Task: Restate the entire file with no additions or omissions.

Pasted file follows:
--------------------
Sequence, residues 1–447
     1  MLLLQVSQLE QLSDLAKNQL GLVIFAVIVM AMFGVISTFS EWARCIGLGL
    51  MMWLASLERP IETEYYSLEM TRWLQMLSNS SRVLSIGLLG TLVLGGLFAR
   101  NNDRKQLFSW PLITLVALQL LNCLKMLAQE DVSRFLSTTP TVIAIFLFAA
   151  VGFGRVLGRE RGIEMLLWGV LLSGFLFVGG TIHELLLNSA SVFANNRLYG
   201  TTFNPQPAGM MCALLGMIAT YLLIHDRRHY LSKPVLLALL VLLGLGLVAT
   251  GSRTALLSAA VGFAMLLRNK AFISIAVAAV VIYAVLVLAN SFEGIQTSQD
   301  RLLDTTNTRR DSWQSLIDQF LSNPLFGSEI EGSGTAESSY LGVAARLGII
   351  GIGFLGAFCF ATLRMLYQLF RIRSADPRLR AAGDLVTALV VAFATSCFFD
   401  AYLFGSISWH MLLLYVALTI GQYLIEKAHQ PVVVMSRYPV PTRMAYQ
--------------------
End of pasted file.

Sequence, residues 1–447
     1  MLLLQVSQLE QLSDLAKNQL GLVIFAVIVM AMFGVISTFS EWARCIGLGL
    51  MMWLASLERP IETEYYSLEM TRWLQMLSNS SRVLSIGLLG TLVLGGLFAR
   101  NNDRKQLFSW PLITLVALQL LNCLKMLAQE DVSRFLSTTP TVIAIFLFAA
   151  VGFGRVLGRE RGIEMLLWGV LLSGFLFVGG TIHELLLNSA SVFANNRLYG
   201  TTFNPQPAGM MCALLGMIAT YLLIHDRRHY LSKPVLLALL VLLGLGLVAT
   251  GSRTALLSAA VGFAMLLRNK AFISIAVAAV VIYAVLVLAN SFEGIQTSQD
   301  RLLDTTNTRR DSWQSLIDQF LSNPLFGSEI EGSGTAESSY LGVAARLGII
   351  GIGFLGAFCF ATLRMLYQLF RIRSADPRLR AAGDLVTALV VAFATSCFFD
   401  AYLFGSISWH MLLLYVALTI GQYLIEKAHQ PVVVMSRYPV PTRMAYQ